Blu-ray Review: The Devil's Backbone - The Criterion Collection

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The Devil’s Backbone is writer-director Guillermo del Toro’s ghost story, originally released in 2001 and now available on Blu-ray from The Criterion Collection. It’s a Spanish-Mexican production, set late in the 1930s during the Spanish Civil War. What’s perhaps most striking about the film is that, while it could certainly be classified as a horror film, its intent is not to scare. The ghost at the center of the story, a young boy named Santi (Junio Valverde) who we see drown in the introduction, is essentially benign. He’s restless and yearning for revenge, but we don’t know against whom.

The image of a child’s sallow-faced corpse, blood perpetually streaming upward from a head wound that will never heal, is a disturbing one. It’s not hard to see why the children at an isolated Spanish orphanage are spooked by it. The adults who manage the facility are, of course, unaware of the spirit haunting their digs. Aging Dr. Casares (Federico Luppi) and administrator Carmen (Marisa Paredes) are in charge, somewhat reluctantly accepting a new orphan boy, Carlos (Fernando Tielve), who immediately becomes the target of bullying after meeting the other boys.

Devils Backbone Santi (380x253).jpgThe early stretches of Backbone are intriguing, establishing an aura of deep unease. The centerpiece of the orphanage is a gigantic, undetonated bomb that stands, half buried, in the courtyard. Though it has been defused, it signals the presence of another kind of bomb—a ticking human time bomb, capable of going off without warning. Del Toro drops clues, but it isn’t until the second half that we find out who this combustible individual actually is. Until then, the focus remains primarily on the interactions of Carlos, who has the misfortune of being assigned Santi’s recently vacated bunk, and the other boys. His encounters with Santi’s ghost are evocatively staged by del Toro as lucid nightmares. Though frightened, Carlos wants to solve the mystery of what happened to Santi.

Along the way, del Toro drops in some seriously uncomfortable moments. Impotent Casares, the orphanage doctor, keeps stillborn human corpses in jars on his desk. Their exposed spinal cords are where the film’s title comes from. He explains the supposed therapeutic properties of the embalming fluid that preserves the tiny bodies to a justifiably stunned Carlos. And it gets even ickier from there. Meanwhile, Carmen, an amputee with a wooden leg, belittles Casares at every turn (despite the doctor’s obvious unrequited love for Carmen), getting sexually served by another of the orphanage’s adult staff members. Carmen and Casares, Republican loyalists who oppose the Nationalist aggressors, are sitting on a vault of gold intended to aid the Republican cause. A working knowledge of Spanish history of the era will be a boon to one’s understanding of Backbone, but even if you’re completely ignorant of it (as I am), del Toro’s sure-handed storytelling prevails.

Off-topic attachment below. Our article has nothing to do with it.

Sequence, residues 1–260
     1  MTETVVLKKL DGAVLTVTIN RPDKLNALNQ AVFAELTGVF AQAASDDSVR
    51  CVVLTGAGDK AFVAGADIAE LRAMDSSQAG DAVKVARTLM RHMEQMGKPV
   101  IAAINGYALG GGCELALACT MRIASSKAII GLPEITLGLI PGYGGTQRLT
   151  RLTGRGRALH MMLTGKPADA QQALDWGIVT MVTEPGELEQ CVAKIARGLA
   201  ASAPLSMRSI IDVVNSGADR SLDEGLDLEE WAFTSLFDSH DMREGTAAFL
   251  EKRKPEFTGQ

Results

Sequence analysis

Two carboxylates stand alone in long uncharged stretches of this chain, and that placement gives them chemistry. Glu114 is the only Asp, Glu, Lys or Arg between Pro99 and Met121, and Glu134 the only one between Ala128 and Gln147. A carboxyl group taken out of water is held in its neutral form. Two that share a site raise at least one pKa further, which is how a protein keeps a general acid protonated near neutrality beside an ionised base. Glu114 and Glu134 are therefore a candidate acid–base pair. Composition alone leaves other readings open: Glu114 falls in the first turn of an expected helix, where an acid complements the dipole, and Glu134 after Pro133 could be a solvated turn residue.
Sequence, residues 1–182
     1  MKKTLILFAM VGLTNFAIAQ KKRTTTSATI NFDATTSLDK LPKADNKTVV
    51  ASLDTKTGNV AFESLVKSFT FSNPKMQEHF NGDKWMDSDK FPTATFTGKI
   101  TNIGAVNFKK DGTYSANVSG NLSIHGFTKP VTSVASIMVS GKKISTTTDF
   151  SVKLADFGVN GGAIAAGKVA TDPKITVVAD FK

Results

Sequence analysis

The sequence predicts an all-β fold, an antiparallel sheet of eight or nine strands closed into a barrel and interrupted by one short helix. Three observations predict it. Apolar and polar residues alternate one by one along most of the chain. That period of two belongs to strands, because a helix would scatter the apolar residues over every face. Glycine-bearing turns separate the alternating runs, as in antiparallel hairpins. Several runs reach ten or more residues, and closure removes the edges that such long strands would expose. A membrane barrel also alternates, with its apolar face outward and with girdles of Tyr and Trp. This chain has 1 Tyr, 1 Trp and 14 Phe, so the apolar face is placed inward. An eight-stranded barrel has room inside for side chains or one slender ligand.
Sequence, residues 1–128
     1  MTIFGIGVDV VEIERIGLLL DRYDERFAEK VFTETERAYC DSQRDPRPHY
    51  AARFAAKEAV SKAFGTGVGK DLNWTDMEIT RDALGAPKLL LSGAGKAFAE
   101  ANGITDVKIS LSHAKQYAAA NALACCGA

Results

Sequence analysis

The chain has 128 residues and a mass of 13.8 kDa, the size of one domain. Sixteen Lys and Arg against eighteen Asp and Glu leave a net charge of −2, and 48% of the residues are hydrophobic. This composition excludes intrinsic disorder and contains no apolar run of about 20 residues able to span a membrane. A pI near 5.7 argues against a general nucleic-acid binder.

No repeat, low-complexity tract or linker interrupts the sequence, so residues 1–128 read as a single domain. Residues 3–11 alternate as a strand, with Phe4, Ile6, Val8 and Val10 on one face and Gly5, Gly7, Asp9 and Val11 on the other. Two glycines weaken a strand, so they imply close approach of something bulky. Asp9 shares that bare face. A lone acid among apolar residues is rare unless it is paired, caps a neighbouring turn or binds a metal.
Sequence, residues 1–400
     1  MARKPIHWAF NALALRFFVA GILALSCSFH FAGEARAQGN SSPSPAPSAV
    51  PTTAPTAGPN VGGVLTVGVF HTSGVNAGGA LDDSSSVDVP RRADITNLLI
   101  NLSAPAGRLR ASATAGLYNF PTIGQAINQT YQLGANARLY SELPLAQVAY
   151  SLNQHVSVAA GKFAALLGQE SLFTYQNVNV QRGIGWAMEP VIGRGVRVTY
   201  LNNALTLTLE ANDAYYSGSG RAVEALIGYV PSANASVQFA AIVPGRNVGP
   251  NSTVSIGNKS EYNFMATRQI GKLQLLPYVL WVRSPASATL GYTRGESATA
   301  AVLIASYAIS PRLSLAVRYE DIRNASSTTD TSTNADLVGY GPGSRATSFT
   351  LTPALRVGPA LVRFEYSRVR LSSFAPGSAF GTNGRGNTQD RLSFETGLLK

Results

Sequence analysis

Devils Backbone Carlos (380x241).jpgThe Devil’s Backbone looks terrific in 1080p, not especially surprising given its relatively recent vintage. The oversaturated blue skies contrast wonderfully with the barren desert landscapes in Guillermo Navarro’s cinematography. It’s all perfectly captured by Criterion’s new transfer, struck from the original 35mm negatives and supervised by both Navarro and del Toro. Sharpness and fine detail are never wanting, even during the darker lighted scenes involving the ghost of Santi. The DTS-HD Master Audio 5.1 surround mix is the original Spanish-language track. Given the generally sedate atmosphere that dominates much of Backbone, the surround effects are intentionally sparse (but effective). There are scenes late in the film that do employ the LFE to powerful effect. Javier Navarrete’s score is well placed within the mix, expertly supporting the action on screen.

Lovers of The Devil’s Backbone will have plenty to dig into with Criterion’s generous supplements package, including a director’s commentary track. Featurettes about the film’s production (“Que es un fantasma?”) and the influence of the Spanish Civil War (“A War of Values”) add context to del Toro’s vision. Several interviews with del Toro deepen the film’s backstory even further. There are also deleted scenes and interactive galleries exploring del Toro’s “Director’s Notebook.” Criterion is known for including only the most useful of extra features, generally avoiding the kind of promotional puff pieces that junk up most mainstream releases. They’ve outdone themselves here.

Back to front, The Criterion Collection has knocked this one out of the park. The Devil’s Backbone may not be as talked about as del Toro’s Pan’s Labyrinth or as popular as his Hellboy movies. But for anyone distressed by the visionary director’s recent mega-budget mess Pacific Rim, this serves as a perfect reminder of what Guillermo del Toro is capable of.

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Chaz Lipp writes for The Morton Report.

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